First Peoples’ Performing Arts Festival returned for fifth year

Theme encouraged cultural education and exploration

The festival offered a range of events and performances.
Credit: 
Supplied by FPPAF

The First Peoples’ Performing Arts Festival of the Thousand Islands ran from Oct. 15 to 17 in Gananoque. This year marked the festival’s fifth edition.

Its theme of “First, Now and Always” signifies how Indigenous peoples first occupied this land and will continue living and flourishing here.

The Journal spoke to Frayne McCarthy, artistic director of King Street Productions, and Shannon Olivier, a member of First Peoples Circle and a performer in this year’s festival.

“Education is very much a part of the mandate of the festival,” McCarthy said. “This is an Indigenous arts festival for everybody to share culture and open people’s eyes to the first peoples who have been here, are here now, and will be here.”

The festival featured events and performances included a screening of Brittany Leborgue’s film BEANS, a First Peoples’ Water Walk, and an acting workshop led by Kevin John Saylor and Kyle Zachary.

The festival also included a Makers’ Market welcoming Indigenous artisans to share and sell their artistry and crafts.

Shannon Olivier and her 10-year-old daughter Kiki also performed “The Mother Daughter Connection.” The duo explored the passing of tradition and knowledge from one generation to the next through traditional dances and storytelling.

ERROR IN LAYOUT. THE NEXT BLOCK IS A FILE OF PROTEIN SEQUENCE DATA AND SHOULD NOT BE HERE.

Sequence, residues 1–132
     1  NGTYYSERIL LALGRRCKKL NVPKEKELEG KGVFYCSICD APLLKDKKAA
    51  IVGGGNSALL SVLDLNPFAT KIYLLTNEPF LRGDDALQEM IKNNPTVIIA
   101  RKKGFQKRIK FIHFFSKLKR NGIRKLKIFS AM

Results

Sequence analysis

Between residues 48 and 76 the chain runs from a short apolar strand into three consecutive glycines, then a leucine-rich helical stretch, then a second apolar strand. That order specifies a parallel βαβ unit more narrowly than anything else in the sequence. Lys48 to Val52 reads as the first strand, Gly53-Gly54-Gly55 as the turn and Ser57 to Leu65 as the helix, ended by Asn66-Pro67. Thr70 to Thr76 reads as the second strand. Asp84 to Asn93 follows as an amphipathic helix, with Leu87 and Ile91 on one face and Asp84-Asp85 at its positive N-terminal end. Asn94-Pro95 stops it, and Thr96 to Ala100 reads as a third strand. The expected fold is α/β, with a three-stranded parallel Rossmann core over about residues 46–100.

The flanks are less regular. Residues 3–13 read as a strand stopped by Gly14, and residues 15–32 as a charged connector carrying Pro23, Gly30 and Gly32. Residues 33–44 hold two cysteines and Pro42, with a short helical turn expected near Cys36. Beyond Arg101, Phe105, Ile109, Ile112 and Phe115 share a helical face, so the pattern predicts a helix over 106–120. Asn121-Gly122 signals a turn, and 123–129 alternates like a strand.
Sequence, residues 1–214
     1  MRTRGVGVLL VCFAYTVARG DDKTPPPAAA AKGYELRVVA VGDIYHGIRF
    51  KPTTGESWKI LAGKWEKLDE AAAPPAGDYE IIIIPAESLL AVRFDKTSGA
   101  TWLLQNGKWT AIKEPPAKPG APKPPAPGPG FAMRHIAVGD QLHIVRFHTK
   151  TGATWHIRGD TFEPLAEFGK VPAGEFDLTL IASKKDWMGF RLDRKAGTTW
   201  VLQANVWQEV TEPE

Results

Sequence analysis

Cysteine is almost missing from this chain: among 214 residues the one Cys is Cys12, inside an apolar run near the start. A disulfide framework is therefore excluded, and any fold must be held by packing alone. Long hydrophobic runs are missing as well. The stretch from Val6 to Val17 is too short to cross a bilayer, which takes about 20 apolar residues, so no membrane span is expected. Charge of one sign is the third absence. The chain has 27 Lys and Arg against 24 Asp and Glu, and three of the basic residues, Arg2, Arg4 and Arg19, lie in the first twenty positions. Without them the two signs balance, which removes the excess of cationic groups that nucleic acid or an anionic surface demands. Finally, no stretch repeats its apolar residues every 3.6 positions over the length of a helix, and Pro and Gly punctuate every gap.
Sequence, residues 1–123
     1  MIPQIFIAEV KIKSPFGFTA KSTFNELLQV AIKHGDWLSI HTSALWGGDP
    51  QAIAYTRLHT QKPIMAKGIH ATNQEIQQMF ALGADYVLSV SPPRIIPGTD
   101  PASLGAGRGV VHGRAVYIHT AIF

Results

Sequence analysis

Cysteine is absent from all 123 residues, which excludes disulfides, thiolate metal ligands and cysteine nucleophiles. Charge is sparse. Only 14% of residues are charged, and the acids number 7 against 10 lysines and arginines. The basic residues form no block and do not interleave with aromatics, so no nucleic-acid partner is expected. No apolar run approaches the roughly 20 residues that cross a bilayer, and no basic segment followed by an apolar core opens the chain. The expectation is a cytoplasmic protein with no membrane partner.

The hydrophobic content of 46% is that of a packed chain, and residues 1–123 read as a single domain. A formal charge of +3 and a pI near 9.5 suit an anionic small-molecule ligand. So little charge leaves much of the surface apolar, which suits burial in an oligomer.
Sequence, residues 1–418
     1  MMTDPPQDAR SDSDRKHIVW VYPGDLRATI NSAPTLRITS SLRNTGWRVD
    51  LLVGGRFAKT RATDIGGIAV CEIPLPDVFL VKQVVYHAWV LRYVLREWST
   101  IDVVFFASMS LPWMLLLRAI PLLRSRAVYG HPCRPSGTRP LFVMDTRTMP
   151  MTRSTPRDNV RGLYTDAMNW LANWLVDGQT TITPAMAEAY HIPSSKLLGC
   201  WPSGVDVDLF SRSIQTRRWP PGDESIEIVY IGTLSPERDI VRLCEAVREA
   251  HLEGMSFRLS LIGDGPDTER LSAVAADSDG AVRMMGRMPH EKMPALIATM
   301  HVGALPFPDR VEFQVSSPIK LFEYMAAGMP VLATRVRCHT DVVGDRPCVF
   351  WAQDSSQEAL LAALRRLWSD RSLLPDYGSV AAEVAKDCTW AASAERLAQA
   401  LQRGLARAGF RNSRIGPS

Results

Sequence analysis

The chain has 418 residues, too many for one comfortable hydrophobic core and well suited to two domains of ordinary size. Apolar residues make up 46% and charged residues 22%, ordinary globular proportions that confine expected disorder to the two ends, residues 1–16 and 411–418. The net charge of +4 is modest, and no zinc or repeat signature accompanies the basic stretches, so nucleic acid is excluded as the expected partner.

The inclusion of videos made by Kiki highlighted their mother-daughter bond.

“I asked my daughter if she wanted to specifically do anything for [the performance], and she said she wanted to use some of her videos, so she created one of the videos for it,” Olivier said.

The presentation of “The Mother Daughter Connection” was Olivier’s first time performing for an audience in 10 years and was young Kiki’s debut performance.

“When I asked my daughter how she felt after [we performed], she said, ‘It was really awesome,’” Olivier said.

“She got the performance high afterwards.”

The festival was held in-person with limited seating. Live streaming over Facebook allowed a larger audience to enjoy the performances, too.

Due to COVID-19 restrictions, audience turnout for this year’s festival paled in comparison to previous years. However, McCarthy and Olivier said those who attended were as excited and supportive as ever.

Olivier said she felt a sense of intimacy with the audience because she knew most of the attendees. For her and Kiki, recognizing the faces of those in the crowd helped them relax during their performance and feel more empowered.

The First Peoples’ Performing Arts Festival continues to grow and encourage people to educate themselves on Indigenous culture and history. It remains a space for Indigenous artists to showcase their talents while embracing their cultures and heritage.

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